hormone replacement therapy, transgender

Estrogen Patches vs. Pills: My Experience So Far

Hi friends! How are you? You look great. Have you been working out? Is that a new outfit?

As I alluded to in my previous post, my new doctor recommended that I switch my estrogen medication. His experience w/his patients had shown a far larger success rate with pills, versus transdermal patches.

Well, I took his advice. On a busy afternoon, I stopped by the pharmacy and picked up my new prescription. For safety’s sake, he’s starting me on a low dosage of 1mg a day. For reference, I was previously on a dosage of four 0.1mcg patches, twice a week (the maximum dosage you can have prescribed).

One of the key things I’ve noticed is something my doctor also pointed out: consistency. Patches can often have variances in how the estrogen is absorbed through the skin. This is important when you’re trying do things like stop or reverse male-patterned baldness (and slow down facial hair growth), or keep your emotions in control. I’m finding he is dead-on about at least two of those points. My mood has been much more stable over the past few days. I’ve felt more alert, focused and less prone to mood swings. Even after a pretty lousy Friday evening, I was able to shake it off and say “meh, those days happen.” I’ve also experience a more-consistent slowing of facial hair growth.

Of course, there are pitfalls. It’s been said that your liver has to work extra-hard to break down the hormones in pill-based estrogen. I had a few trans women tell me exactly that before I started HRT. However, that often depends on which doctor you talk to. My doctor has told me has rarely come across a client who had significant liver problems as a result of oral hormone treatment. In my specific case, I should be fairly worry-free since my liver is already in good shape (thanks in large part to a low-carb lifestyle I’ve led for awhile now).

So, all in all, pills have been a welcome change for me. I’ll be reporting back in a few weeks, once my doctor ups my dosage, to report on any new effects.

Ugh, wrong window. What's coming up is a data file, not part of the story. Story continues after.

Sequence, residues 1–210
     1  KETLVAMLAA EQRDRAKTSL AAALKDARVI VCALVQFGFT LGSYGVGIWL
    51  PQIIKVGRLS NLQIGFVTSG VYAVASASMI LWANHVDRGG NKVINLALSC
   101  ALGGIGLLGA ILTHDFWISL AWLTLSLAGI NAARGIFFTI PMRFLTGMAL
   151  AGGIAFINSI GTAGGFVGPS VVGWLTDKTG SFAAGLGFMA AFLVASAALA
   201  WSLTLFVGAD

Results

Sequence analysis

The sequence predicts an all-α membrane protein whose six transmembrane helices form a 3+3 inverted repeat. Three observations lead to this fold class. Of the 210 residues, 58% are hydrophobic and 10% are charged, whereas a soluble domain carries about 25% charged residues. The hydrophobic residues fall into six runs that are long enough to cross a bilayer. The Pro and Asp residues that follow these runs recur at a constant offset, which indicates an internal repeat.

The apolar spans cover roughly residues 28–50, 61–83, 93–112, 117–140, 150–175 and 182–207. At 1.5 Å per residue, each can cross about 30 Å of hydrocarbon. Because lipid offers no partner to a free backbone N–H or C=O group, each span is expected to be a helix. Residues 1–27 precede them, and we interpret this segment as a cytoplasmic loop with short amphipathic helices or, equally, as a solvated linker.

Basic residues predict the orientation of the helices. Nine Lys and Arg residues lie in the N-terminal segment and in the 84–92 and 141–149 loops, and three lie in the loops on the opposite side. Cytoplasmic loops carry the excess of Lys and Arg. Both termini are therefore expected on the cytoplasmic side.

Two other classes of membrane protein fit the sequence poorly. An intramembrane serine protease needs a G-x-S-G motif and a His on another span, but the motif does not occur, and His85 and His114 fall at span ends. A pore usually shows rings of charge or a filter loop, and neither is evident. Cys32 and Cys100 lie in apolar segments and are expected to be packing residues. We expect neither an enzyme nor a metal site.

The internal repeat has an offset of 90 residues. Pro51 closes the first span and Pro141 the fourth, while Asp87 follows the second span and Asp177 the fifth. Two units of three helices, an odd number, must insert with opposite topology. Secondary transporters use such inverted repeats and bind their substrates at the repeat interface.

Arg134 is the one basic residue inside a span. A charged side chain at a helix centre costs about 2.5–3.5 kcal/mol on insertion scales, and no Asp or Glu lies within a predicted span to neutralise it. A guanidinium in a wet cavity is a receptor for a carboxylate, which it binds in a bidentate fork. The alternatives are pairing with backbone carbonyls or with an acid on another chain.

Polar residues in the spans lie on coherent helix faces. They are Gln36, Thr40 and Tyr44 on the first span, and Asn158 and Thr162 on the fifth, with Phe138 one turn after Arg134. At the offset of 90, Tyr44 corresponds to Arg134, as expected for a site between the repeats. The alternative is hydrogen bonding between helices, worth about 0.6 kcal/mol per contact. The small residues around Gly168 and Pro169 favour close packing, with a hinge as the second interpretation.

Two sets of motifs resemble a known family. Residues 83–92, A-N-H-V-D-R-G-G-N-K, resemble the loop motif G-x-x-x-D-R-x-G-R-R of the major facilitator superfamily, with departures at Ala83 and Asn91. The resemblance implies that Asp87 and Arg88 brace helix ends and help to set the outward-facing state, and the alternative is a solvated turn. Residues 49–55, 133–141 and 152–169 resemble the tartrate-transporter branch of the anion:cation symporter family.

Ciao!

hormone replacement therapy, transgender

The Change-Up

Hi friends!

It’s been more than a good long month or so since I’ve posted here (and for good reason, I’d like to think). “What has Alexia been up to”, you may be asking. Well, here’s the Cliff Notes version:

– My boyfriend & I became domestic partners, and we moved in together.
– I made another triumphant visit to my hometown, where I caught up with old friends.
– I landed a new job in the city (San Francisco, for those unclear) as a lead iOS engineer.

As part of that first bullet point, my partner put me on his Kaiser Permanent insurance. Since the time had come to give up my former insurance carrier, the time had come to pick a new primary care physician – one experienced in the care of transgender people like myself.

Kaiser’s suite of transgender services in Northern California, as it turns out, is pretty exemplary. They have a medical center based in Oakland that offers a suite of services to the trans community, and the doctor spearheading the effort to bolster those services is based in Santa Clara…just a few miles from my home. So, I made my appointment and paid my new doctor a visit.

I arrived at the Kaiser hospital & medical center in Santa Clara with just enough time to collect my thoughts over the up-to-that-moment crummy day I was having. After a bit, the nurse called me in to weigh up (I have got some weight to lose, but more on that in another post), take my blood pressure and wait for the doctor.

After a few anxious minutes, Dr. Marcos Siqueiros walks through the door and warmly introduces himself. We have a in-depth conversation about my medical history, and eventually we delve into details about my transition. How I’ve been taking hormones, how long, how I feel, etc.

This part of the conversation is an eyeopener for me. I told him that my previous doctor had recommended patches over pills to take my estrogen, citing that it was the easiest on the liver. He tells me that, for the most part, the differences in how hard your liver works in processing estrogen in either form is negligible, and pills are actually a more consistent way to keep your estrogen levels steady. Even more, he told me that other patients of his had made the switch and were amazed by the near-sudden changes they experienced. On hearing that, the first thought in my head was “I need to get him my last lab reports stat!”

Other eye-opening details about our conversation included:
– disclosing that Kaiser insurance offers facial feminization services
– saying they were in the initial planning phases of covering speech therapy under some insurance plans
– strongly recommending that transwomen be on low-carb diets

All of this was music to my ears. So, I told him that I already had a letter from my therapist recommending me for gender reassignment surgery. As long as I have that in hand, he can get me a referral to the clinic in Oakland for an initial consultation. In addition, he ordered a set of labs done so he could get a baseline reading on where I am right now.

My partner and I left hand in hand, with a smile on my face. I walked out of that building with the sense that I was beginning to take another big step in my journey.